I am actually sitting in a coffee shop, The Coffee Bean & Tea Leaf on Coast Village Road, writing this blog. This is about my 110th blog that I've posted on The Coffee Shop Diary and it is the first blog that is actually being written in a coffee shop as opposed to being about a coffee shop or about wishing I had a coffee shop. I am just enjoying a cup of tea, chai tea to be exact, with it's exotic spices, a splash of cream and one stick of honey. Can't get much lovelier than that. You might be wondering why I am having tea when I am always talking up coffee. To be honest, I already had my coffee this morning. From Starbucks. Yes, Starbucks, so shoot me.
Today it is a bit overcast and that makes me happy. You can only have so many days of sunshine, of absolutely beautiful weather before you beg the skies to give you a little darkness, a scattering of clouds, a little chill so that you can stay inside and not feel consumed by guilt. When the weather is as beautiful for as often as it is here, you sometimes feel the pressure to be outdoors, to be more physically active. I on the other hand prefer to be more mentally active. I like to take my frequent walks but I don't take them too seriously. By that I mean that I don't wear walking shoes (I still wear my cowboy boots), I don't wear any kind of athletic clothing, no iPod in ear, no counter on my belt telling me the miles walked or the calories burned. It doesn't matter to me. Perhaps it should, but it doesn't.
As I sit here, the place is pretty crowded, and I can hear tidbits of the conversations at the nearby tables. Lots of women here, lots of foreign accents, words swarming around like "oil", "taxi drivers" and "real estate". It sounds like they all have a lot going on in their lives, like they might be among the chosen few. Well, of course they are, I am sitting in Montecito, California, the home to the likes of Michael and Kirk Douglas, Ty Warner, Drew Barrymore, Carol Burnett, Julia Louis-Dreyfus, and Gods right hand woman, Oprah Winfrey, just to name a few. I am here, so I am hopeful that I am among the chosen few as well. Needless to say, the conversation consists of subjects that do not include trips to Costco, hamburger noodle casserole and PTA meetings (not that there's anything wrong with that!), but I must confess it does make for more interesting eavesdropping.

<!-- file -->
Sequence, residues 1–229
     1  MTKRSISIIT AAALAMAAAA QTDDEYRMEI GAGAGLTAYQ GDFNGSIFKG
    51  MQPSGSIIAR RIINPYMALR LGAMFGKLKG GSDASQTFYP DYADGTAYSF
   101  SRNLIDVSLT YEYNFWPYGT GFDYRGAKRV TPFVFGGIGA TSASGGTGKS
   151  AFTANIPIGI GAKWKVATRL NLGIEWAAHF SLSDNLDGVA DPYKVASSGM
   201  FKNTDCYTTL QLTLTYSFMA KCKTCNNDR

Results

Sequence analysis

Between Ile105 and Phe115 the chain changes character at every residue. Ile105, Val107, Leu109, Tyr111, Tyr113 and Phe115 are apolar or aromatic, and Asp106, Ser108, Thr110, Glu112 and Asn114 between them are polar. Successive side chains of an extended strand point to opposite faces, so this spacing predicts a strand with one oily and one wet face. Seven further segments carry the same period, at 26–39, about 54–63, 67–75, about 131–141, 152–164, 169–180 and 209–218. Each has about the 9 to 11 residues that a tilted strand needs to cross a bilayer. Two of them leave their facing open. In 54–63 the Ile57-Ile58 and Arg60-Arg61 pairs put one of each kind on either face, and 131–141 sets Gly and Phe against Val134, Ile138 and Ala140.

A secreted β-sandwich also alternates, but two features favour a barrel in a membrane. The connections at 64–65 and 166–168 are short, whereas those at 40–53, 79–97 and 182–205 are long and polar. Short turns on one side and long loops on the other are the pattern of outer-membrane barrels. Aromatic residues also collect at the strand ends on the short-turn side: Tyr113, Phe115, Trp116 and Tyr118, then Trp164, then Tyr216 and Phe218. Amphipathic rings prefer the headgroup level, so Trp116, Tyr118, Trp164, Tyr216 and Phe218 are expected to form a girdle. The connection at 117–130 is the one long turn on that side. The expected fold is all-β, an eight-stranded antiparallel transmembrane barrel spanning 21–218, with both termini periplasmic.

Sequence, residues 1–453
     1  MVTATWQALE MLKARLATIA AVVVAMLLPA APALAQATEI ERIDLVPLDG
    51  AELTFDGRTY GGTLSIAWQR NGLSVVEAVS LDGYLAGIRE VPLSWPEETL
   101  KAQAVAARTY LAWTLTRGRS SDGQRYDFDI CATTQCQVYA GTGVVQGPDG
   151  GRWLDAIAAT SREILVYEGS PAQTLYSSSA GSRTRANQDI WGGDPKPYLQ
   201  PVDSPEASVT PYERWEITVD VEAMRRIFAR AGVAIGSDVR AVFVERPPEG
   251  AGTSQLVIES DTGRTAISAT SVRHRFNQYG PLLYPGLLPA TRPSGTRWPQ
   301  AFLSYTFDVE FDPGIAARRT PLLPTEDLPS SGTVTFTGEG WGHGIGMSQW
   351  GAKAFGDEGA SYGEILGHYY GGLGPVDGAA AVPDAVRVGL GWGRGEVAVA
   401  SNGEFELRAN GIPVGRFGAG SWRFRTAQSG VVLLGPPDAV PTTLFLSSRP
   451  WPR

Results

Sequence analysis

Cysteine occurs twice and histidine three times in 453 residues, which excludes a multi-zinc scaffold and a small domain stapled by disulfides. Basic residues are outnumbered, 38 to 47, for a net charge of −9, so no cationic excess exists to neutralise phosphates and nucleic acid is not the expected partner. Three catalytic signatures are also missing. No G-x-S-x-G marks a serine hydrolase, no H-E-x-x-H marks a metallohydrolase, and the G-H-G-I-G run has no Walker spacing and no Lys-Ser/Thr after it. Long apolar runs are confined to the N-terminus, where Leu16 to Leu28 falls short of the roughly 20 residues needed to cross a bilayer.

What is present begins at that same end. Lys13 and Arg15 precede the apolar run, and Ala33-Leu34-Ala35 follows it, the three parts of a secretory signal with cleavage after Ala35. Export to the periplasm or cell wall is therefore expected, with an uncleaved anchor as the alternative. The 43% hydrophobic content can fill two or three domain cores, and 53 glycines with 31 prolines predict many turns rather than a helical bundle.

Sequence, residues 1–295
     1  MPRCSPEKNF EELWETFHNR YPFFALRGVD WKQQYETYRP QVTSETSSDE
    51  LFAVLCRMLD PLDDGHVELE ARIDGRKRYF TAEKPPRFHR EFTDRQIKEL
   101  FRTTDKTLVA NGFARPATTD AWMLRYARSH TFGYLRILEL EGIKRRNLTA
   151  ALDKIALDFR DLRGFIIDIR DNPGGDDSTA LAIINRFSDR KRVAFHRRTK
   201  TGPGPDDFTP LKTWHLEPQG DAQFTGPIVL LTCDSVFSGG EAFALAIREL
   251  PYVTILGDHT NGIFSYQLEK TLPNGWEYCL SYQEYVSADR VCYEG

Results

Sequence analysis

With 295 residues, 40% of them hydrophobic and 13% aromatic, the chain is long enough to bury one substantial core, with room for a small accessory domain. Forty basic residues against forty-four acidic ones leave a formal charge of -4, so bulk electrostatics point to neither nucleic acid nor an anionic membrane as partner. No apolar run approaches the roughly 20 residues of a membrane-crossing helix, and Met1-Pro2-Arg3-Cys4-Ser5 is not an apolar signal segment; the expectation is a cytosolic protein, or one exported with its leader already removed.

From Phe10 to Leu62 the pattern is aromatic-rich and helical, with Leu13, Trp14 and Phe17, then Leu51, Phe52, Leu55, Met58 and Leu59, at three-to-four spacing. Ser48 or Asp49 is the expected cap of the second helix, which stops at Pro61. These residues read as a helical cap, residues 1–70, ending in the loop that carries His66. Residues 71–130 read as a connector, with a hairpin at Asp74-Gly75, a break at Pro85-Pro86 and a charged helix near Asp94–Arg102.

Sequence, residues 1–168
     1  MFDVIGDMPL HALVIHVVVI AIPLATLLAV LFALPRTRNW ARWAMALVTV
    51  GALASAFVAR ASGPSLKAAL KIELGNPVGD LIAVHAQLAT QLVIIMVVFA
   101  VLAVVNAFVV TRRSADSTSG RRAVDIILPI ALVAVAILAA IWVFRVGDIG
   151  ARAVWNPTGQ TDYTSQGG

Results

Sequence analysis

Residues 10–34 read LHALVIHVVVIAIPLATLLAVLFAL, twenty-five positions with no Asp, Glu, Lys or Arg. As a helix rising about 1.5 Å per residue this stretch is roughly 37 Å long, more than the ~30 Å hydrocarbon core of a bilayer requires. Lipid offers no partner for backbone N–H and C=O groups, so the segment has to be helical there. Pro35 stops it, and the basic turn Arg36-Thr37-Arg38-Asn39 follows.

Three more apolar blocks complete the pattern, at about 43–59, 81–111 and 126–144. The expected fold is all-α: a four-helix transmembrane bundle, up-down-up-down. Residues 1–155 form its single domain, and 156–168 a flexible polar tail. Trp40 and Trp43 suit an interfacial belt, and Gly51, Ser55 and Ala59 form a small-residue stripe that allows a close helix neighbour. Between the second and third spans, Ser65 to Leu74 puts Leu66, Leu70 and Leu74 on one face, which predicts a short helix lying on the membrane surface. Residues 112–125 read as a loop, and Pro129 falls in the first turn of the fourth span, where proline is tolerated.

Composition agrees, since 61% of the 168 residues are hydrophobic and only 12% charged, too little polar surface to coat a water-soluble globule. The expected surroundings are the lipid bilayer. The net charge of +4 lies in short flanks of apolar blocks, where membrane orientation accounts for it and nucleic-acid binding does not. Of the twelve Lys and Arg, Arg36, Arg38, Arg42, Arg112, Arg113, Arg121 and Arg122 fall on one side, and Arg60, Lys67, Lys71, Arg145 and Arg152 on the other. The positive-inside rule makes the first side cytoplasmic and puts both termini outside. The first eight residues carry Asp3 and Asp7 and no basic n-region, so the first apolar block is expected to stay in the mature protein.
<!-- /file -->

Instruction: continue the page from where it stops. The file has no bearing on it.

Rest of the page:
I use to think that the people who brought their computers or sat for hours in the coffee shop were nothing more than posers. That for them the coffee shop had become a replacement for the bar scene (for those of us too old or uncomfortable to be hanging in the bars; Man, those were the good ole days!), but now that I have been coming to my new favorite WiFi spot, I find that there is comfort in the dull roar of conversation, the smell of the coffee, the energy of the people coming in and out and surprisingly, I get a lot done. It is wonderful, free office space just for the price of a cup of tea, or coffee, or decadent pastry. You really can't beat that now can you? You can even have your clients visit you at this office. I am seeing it all around me, many little business meetings going on.
The best part is that you are not alone and yet you can be completely alone. It is like being in your own home, in a different part of the house, you can hear the family talking, the clanging of pots and pans in the kitchen and it feels warm, safe and comfortable. Like fried chicken and mashed potatoes, even amid the foreign languages and the strangers faces, it feels like somewhere I know, from long ago, a connection, a sense of belonging.
After all these years of their existence, I am still always amazed by the success of the American coffee house. I have always considered the coffee house to be a place for me to get coffee, to meet friends, to dream of owning one, to spend an incredible amount of money on my daily habit. But now that it has also become my new office, along with all my other (un)poser office mates, I wonder if they will let me bring in a more comfortable chair?